Christ and the Woman Taken in Adultery is a small panel painting in grisaille (near monochrome) by the Netherlandish Renaissance printmaker and painter Pieter Bruegel the Elder. It is signed and dated 1565.
Jesus and the woman taken in adultery is a biblical episode from John 7:53-8:11 where Jesus encounters an adulteress brought before Pharisees and scribes, which has been depicted by many artists. Such a crime was punishable by death by stoning, however, in the scene, Jesus stoops to write (in Dutch) "he that is without sin among you, let him first cast the stone at her" on the ground before her feet. A number of the unthrown stones lay on the floor to the left of the woman.
Bruegel depicts the woman as one of the few graceful figures in the scene. She is rendered as an idealised form, atypical of Brugel's usual earthy and homely female figures; though the basic layout of the composition is Netherlandish, "the austere composition and monumental figures are perhaps the most Italianate in all Bruegel's paintings". Apart from an even smaller Three Soldiers in the Frick Collection, Bruegel's only other surviving grisaille painting is the Death of the Virgin at Upton House, Warwickshire, which is also an unusually conventional treatment of a religious subject by Bruegel's standards. However, the earliest documented work by Bruegel was grisaille wings for an altarpiece in 1550/51, as he finished his apprenticeship. This was in Mechelen, where he is documented between September 1550 and October 1551 assisting Peeter Baltens on an altarpiece (now lost), painting the wings.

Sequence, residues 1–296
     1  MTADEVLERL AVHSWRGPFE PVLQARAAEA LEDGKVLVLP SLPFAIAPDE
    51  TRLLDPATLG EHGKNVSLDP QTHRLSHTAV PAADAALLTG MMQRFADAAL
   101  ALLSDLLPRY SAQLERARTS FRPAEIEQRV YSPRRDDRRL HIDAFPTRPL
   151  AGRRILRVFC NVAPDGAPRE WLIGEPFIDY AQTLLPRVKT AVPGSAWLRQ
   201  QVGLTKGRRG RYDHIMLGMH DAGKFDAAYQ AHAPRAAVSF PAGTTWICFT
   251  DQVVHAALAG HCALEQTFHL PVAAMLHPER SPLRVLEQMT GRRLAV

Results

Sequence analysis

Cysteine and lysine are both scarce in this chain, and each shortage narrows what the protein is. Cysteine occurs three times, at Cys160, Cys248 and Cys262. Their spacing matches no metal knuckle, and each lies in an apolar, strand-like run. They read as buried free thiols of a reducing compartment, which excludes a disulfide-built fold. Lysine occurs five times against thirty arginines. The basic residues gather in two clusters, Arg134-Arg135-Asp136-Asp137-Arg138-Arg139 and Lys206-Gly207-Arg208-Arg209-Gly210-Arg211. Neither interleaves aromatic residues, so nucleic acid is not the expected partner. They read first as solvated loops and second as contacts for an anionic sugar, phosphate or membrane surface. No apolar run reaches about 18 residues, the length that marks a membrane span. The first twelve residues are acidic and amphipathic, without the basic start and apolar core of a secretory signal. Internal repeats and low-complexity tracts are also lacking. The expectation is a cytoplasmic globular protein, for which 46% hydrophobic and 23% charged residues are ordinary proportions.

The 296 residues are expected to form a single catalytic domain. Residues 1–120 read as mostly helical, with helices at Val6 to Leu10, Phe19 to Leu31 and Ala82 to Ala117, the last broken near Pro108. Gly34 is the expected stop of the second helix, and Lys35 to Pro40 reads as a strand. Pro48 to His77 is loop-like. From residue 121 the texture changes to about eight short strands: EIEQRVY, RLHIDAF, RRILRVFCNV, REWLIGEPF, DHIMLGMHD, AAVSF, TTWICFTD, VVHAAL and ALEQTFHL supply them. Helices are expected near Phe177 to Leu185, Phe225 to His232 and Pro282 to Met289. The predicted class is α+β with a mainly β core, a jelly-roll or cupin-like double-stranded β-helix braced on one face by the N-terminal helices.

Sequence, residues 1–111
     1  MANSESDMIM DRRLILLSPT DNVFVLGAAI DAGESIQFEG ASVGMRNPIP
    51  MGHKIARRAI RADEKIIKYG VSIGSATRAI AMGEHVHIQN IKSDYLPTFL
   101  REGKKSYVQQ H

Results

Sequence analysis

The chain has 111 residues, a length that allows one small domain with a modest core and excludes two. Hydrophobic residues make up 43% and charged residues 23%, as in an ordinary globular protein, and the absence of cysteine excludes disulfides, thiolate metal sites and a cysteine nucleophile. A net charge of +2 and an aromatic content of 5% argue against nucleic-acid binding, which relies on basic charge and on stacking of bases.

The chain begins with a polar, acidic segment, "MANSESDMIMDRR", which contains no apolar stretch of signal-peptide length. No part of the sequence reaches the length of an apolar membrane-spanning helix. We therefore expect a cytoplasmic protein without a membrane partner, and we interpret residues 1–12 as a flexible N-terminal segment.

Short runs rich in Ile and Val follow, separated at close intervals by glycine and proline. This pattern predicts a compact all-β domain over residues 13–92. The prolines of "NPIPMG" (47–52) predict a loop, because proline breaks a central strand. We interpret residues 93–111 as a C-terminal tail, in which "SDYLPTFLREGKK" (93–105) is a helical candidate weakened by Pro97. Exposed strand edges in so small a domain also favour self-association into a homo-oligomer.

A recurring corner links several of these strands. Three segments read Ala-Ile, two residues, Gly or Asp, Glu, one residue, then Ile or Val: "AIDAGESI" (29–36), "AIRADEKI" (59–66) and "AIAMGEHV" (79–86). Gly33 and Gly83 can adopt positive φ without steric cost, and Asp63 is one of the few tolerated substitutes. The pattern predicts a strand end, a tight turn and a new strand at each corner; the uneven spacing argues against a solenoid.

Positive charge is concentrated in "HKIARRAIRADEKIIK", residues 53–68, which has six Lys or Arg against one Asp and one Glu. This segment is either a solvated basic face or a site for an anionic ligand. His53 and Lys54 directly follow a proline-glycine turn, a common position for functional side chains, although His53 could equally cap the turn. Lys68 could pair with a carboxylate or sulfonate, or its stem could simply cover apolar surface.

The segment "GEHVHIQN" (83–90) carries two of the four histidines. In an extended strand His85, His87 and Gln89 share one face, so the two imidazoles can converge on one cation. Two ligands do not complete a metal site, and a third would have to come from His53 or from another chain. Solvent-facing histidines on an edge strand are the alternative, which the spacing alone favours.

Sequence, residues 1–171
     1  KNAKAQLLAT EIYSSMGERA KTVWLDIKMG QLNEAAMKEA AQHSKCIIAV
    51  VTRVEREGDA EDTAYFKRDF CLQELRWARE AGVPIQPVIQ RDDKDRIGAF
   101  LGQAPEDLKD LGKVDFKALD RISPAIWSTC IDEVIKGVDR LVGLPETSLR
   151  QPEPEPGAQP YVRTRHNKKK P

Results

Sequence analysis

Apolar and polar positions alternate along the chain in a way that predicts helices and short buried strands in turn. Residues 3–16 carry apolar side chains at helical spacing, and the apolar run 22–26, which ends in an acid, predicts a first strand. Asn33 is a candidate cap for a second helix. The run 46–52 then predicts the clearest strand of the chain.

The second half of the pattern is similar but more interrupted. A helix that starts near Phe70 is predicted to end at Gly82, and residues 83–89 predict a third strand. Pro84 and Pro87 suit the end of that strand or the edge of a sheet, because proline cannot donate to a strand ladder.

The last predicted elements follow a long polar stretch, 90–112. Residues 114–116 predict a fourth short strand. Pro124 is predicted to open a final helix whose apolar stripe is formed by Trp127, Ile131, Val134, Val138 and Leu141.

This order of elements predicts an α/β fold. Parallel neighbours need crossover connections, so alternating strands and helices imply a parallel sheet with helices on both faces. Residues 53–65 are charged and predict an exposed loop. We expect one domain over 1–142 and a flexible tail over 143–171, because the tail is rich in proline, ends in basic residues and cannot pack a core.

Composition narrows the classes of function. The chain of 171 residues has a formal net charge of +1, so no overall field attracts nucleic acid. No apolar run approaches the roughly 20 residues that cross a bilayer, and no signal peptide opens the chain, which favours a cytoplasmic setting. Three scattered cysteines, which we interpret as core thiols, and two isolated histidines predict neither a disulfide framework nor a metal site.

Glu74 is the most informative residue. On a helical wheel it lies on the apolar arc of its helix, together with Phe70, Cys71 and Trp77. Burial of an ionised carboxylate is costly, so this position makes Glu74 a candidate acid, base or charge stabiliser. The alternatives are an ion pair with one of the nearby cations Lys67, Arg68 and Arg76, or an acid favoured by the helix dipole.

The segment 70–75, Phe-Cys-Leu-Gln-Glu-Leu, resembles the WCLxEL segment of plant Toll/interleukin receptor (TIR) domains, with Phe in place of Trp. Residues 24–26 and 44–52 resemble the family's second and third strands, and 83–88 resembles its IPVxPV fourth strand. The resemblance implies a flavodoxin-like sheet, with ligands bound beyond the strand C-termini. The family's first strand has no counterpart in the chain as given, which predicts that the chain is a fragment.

The painting was not sold by the artist, and seems to be the only one inherited by his son Jan Brueghel the Elder. An engraving was published in 1579 by Paul Perret, who was apparently lent the painting for the purpose, since there are regular pricks along the edges to enable a grid to be made. There are a number of other copies, some attributed to the artist's sons, perhaps made after the engraving, and the painting was lent to Cardinal Federico Borromeo for copying (perhaps the version now in Bergamo). A version attributed to Breuegel's son Pieter Brueghel the Younger of c. 1600 is in the Philadelphia Museum of Art.
The work was sold by the family in the 17th century, apparently by Jan Brueghel the Younger, and was in England by the 18th century, being sold at Christie's in 1834 and again in 1952 when it was bought by Count Antoine Seilern, whose collection was bequeathed to the Courtauld in 1978. The work was stolen from the Courtauld Gallery on 2 February 1982. Because of its value and fame, it proved unsaleable on the open market, and did not resurface again until 1992 when it was recovered by British police. During that interim, it likely acted as collateral for the criminals.
Media related to Christ and the Woman Taken in Adultery by Pieter Bruegel (I) at Wikimedia Commons
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